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dc.creatorUpchurch, Bradley Dean
dc.date.accessioned2019-07-24T16:17:32Z
dc.date.available2019-07-24T16:17:32Z
dc.date.created2017-05
dc.date.issued2017-04-25
dc.date.submittedMay 2017
dc.identifier.urihttp://hdl.handle.net/1969.1/177564
dc.description.abstractThe lymphatic system is a network of capillaries, vessels, and nodes that span the length of our entire body. Lymphatic capillaries uptake immune cells, fluid, and macromolecules from the interstitium and transport this lymph through vessels to lymph nodes for immune regulation and tissue fluid balance ultimately returning it to the blood vasculature. How fluid and solutes enter lymphatic capillaries has long been viewed as a passive paracellular mechanism in which macromolecules and fluid enter through valve-like openings in the loosely overlapped cell-cell junctions of lymphatic capillaries. Recent studies have demonstrated that lymphatic endothelial cells (LECs) may utilize pore formation with membrane caveolae as an active transcellular pathway to uptake macromolecules from the interstitium. Caveolin-1 is a protein required for the formation of caveolae and transcellular transport processes. We hypothesized that LECs utilize active caveolae to regulate lymphatic solute transport. To allow us to test our hypothesis, methods for primary LEC isolations and lymphatic vessel isolations had to be developed, established, and successfully tested. To test our hypothesis, we utilized a transgenic mouse carrying loxP sites flanking exon 3 of the Cav-1 gene. When crossed with mice expressing the enzyme Cre recombinase specifically in LECs, we generated mice lacking caveolin-1 in lymphatic endothelium, and, therefore, LECs incapable of forming caveolae. We utilized this mouse to identify changes in lymphatic uptake and transport of macromolecules over a range of sizes in vivo. We isolated and perfused lymphatic vessels from these mice to quantify changes in vessel permeability as a function of solute size. In vitro, LECs from these mice, were cultured into monolayers to demonstrate active barrier function to macromolecules. Our data thus identify mechanisms of lymphatic transport that actively regulate solute transport with implications in antigen transport and immune maintenance.en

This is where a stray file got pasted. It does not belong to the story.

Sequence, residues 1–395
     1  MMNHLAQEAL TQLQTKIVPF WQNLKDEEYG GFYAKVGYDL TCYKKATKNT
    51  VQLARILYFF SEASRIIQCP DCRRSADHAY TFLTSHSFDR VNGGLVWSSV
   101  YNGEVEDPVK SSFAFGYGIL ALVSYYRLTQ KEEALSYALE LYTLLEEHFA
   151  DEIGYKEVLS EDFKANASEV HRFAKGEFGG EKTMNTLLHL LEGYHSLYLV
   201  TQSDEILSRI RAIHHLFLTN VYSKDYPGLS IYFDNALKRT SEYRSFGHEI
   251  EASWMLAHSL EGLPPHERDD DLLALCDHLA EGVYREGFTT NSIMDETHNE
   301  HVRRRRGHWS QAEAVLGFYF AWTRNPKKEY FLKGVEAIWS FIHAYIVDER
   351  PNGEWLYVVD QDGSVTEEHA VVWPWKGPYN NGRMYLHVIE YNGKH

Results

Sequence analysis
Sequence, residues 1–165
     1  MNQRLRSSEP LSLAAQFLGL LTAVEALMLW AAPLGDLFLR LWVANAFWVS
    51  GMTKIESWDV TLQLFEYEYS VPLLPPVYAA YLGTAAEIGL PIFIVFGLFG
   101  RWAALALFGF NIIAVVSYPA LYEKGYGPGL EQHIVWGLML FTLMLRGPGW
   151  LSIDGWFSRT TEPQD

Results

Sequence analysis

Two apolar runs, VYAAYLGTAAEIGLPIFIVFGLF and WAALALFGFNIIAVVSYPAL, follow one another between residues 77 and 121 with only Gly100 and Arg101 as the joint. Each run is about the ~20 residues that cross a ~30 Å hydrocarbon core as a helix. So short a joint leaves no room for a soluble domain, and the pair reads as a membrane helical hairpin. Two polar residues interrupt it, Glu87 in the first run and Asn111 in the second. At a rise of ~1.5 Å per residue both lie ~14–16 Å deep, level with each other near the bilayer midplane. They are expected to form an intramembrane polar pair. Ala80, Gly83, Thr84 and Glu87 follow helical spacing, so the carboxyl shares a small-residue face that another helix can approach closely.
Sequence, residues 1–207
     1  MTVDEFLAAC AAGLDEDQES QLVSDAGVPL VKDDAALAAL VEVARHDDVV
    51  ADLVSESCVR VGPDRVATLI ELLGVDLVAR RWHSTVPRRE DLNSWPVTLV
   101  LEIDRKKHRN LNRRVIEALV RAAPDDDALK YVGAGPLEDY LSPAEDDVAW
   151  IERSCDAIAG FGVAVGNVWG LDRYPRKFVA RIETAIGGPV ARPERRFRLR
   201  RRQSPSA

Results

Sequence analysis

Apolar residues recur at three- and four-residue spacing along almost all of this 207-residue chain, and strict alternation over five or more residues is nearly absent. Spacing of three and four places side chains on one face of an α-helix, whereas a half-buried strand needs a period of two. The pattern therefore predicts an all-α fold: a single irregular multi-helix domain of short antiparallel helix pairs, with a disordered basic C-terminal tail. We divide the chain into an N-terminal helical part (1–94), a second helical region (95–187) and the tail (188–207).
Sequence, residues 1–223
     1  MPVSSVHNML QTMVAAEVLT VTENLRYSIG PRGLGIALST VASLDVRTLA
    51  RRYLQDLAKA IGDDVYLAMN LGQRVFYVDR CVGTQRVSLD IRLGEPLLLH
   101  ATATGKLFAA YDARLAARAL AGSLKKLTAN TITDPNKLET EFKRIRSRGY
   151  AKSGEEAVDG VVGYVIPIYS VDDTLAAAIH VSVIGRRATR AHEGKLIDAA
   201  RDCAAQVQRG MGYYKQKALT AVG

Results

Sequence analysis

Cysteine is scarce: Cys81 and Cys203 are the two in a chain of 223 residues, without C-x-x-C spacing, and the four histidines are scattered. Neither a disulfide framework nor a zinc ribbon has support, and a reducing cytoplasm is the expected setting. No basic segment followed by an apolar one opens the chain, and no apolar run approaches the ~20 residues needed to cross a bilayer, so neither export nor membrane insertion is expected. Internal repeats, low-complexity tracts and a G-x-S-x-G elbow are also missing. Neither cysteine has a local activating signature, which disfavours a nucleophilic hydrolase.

dc.format.mimetypeapplication/pdf
dc.subjecttransendothelialen
dc.subjecttranscellularen
dc.subjectparacellularen
dc.subjectendocytosisen
dc.subjectlymphatic capillaryen
dc.subjectlymphatic vesselen
dc.titleRole of Lymphatic Endothelial Cell Caveolin-1 in Macromolecule Transporten
dc.typeThesisen
thesis.degree.departmentBiochemistry and Biophysicsen
thesis.degree.disciplineBiochemistryen
thesis.degree.grantorUndergraduate Research Scholars Programen
thesis.degree.nameBSen
thesis.degree.levelUndergraduateen
dc.contributor.committeeMemberRutkowski, Joseph M
dc.type.materialtexten
dc.date.updated2019-07-24T16:17:32Z


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